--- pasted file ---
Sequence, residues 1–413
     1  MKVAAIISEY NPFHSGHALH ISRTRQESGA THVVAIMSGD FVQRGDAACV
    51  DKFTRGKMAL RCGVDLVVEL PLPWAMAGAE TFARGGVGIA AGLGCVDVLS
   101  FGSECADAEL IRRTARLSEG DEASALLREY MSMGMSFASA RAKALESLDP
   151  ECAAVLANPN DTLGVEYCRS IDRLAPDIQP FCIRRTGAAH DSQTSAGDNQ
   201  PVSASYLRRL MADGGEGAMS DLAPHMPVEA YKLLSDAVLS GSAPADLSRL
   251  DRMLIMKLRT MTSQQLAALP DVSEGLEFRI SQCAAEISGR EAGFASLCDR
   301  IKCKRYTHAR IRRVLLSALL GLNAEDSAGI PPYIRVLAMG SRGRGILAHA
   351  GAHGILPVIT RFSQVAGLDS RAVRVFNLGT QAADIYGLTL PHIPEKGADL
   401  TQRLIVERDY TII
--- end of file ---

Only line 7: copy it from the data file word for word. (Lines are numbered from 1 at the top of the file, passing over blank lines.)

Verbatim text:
   251  DRMLIMKLRT MTSQQLAALP DVSEGLEFRI SQCAAEISGR EAGFASLCDR